David Jackson: So far, I’ve only really touched on the treatment side of wastewater, but there are a lot of additional disciplines within the company that deal with it. We have a master-planning team that helps our clients master their wastewater infrastructure. We have utilities teams that help our clients move wastewater to where it needs to be. You have to have pump stations and pipelines to be able to convey the sewage that a city creates to the locations where it can be processed, treated, and cleaned back up. There are a lot of other subdisciplines within our organization that support that. We have electrical, structural, and architectural groups that help us design and build these facilities. Water and wastewater in general are fairly evenly balanced in terms of how much of the company’s business they make up; together, they make up more than half the company’s business.
Municipal Water Leader: In addition to consulting, design work, and master planning, do you help to manage the construction itself?
David Jackson: Yes, we do. We’re not a construction firm, so we don’t lay concrete or install equipment, but we provide construction management and program management services to our clients. That typically involves serving as the owner’s representative by reviewing the work of a contractor, doing day-to-day inspections of what is being constructed in the field, reviewing contractor submissions, and making sure that the project is in conformity with the general requirements of our design. After construction is complete, we support our client with startup services and offer assistance they may need to bring these new systems online and incorporate them into their operations.
Municipal Water Leader: Are your clients for wastewater projects mostly municipal agencies?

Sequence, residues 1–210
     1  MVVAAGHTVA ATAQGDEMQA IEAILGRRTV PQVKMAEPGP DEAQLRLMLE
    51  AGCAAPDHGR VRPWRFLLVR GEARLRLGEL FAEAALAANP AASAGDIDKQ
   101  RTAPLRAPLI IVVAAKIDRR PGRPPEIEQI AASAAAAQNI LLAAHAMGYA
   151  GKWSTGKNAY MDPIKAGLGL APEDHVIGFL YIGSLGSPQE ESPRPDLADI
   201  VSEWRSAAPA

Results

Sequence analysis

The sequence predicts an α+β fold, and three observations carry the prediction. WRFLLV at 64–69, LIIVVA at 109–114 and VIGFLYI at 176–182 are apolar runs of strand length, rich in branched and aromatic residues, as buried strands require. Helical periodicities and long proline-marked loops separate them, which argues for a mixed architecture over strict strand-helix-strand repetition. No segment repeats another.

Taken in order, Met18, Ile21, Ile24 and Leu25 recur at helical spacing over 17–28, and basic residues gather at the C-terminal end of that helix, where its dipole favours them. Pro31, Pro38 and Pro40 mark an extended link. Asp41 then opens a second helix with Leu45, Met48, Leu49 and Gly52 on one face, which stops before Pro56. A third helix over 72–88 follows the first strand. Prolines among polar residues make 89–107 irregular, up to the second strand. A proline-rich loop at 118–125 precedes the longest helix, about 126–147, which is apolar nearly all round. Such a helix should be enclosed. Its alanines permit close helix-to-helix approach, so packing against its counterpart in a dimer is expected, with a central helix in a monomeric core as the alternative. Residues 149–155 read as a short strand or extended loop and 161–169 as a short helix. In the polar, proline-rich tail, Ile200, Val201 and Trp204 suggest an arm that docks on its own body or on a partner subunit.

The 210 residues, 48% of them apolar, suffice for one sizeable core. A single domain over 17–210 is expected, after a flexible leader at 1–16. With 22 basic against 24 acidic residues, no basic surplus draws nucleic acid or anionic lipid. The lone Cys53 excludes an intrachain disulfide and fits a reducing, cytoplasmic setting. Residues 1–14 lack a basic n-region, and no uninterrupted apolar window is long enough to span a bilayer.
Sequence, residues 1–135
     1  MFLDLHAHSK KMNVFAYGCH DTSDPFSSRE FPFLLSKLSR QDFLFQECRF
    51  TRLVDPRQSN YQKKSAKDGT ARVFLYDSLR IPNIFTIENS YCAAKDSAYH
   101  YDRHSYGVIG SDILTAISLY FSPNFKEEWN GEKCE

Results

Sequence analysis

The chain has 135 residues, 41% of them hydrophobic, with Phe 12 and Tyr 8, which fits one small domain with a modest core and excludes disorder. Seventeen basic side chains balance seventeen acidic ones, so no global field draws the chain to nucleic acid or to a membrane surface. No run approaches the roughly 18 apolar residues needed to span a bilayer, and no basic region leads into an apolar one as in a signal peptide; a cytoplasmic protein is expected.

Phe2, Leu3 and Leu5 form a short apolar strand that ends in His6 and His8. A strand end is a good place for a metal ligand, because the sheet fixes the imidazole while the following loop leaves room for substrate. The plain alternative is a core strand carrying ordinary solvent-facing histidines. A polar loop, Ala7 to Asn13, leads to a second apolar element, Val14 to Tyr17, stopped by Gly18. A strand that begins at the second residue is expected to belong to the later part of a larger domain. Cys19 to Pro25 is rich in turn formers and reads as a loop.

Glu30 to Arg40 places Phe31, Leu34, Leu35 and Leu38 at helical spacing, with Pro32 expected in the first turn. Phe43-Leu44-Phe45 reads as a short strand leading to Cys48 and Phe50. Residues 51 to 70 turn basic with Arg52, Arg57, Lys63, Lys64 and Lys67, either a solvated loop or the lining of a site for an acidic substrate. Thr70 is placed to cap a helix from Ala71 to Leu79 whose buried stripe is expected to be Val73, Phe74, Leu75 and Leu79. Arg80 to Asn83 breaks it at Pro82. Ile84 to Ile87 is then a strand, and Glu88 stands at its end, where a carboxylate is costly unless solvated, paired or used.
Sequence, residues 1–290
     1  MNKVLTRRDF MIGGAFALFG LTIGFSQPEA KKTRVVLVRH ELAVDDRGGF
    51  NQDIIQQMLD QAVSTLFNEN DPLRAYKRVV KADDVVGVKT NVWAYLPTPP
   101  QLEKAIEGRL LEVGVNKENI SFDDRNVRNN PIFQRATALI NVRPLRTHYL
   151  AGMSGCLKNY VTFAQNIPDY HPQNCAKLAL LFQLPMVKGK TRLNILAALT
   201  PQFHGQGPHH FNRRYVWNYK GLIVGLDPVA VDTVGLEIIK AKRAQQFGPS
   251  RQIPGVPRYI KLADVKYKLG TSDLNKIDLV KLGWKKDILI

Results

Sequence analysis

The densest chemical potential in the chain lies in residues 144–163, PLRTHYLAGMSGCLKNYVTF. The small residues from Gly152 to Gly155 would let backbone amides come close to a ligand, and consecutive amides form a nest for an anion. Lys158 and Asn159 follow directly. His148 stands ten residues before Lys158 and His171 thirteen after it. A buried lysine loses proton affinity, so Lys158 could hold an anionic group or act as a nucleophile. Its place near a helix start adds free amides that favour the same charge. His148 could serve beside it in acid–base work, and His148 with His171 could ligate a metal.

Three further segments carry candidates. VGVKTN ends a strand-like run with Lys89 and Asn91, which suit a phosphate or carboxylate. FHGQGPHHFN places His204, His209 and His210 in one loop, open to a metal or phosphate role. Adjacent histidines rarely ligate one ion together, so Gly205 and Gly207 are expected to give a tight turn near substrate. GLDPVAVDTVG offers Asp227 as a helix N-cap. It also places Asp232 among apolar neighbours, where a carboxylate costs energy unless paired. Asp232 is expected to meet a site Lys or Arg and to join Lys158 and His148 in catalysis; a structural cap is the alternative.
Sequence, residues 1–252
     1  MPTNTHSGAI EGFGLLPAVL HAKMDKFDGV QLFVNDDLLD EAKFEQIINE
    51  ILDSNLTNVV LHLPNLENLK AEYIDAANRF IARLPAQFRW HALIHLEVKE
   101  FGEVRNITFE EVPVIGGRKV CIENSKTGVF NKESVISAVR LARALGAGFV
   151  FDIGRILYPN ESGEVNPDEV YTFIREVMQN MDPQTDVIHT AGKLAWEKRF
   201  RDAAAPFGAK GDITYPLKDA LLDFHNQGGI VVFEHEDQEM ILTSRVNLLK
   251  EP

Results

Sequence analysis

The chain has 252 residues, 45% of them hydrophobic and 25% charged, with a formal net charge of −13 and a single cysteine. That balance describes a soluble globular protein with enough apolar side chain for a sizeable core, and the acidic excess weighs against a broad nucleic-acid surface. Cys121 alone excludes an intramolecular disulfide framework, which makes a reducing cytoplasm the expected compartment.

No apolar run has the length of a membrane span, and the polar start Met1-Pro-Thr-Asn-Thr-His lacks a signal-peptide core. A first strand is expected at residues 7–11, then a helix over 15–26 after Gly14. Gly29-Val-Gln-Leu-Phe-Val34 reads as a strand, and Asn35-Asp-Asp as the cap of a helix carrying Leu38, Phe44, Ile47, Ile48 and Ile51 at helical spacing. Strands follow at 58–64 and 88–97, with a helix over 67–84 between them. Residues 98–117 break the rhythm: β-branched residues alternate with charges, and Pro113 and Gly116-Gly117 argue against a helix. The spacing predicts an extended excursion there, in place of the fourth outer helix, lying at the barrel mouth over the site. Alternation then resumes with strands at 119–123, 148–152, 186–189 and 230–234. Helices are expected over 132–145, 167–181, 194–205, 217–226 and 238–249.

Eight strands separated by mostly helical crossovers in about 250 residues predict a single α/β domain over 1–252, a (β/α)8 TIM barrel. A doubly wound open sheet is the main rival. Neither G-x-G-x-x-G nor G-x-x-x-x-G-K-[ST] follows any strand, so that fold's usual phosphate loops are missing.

David Jackson: Most of them are cities and municipalities. In states like Georgia and Florida, we do a lot of work for counties as well. Another big portion of our work is for water districts and river authorities, which are primarily state agencies and frequently own their own wholesale infrastructure for water and wastewater treatment.
Municipal Water Leader: How have your wastewater services changed over the history of the firm?
David Jackson: Let me narrow that down a little to the production of clean water from wastewater. Some of the firm’s earliest work concerned helping cities take waste and return it to the water environment without impinging on the environment. We have come a long way from the early 1900s to where we are today in terms of the quality of the water that we can produce and the safety of that water in the public environment.
The primary focus of water treatment in the United States from the beginning of the 20th century up to the Clean Water Act of 1972 was to partially remove the major pollutants from water and then to return it to the environment. The Clean Water Act set a different standard for what should be expected for the clean water environment and how to measure the performance of treatment facilities. That was a game changer for Freese and Nichols. It allowed the industry to develop specific countermeasures to remove pollutants and achieve a water quality far superior to what had previously been mandated. Everybody was now held to the same standards.
Over the last several decades, we’ve discovered that our technology and capabilities have advanced so far that we can now view wastewater as a resource. Other resources besides water can be safely recovered and reused from wastewater, including phosphorus and nitrogen, which are natural fertilizers with a finite global supply. There’s been a lot of discussion nationally about the advancement of biosolids treatment. We have the technology to make a safe, high-quality fertilizer out of what used to be human waste. This is similar to composting of wastes and other activities that have been common practice for decades.
Finally, wastewater can be a source of energy. The natural processes that we use in the treatment of domestic sewage generates methane gas, which can be harvested, cleaned up, and used to power facilities—even the wastewater treatment plants themselves. In some cases, it can even be placed back into compressed natural gas pipelines to fuel vehicles or serve other energy demands.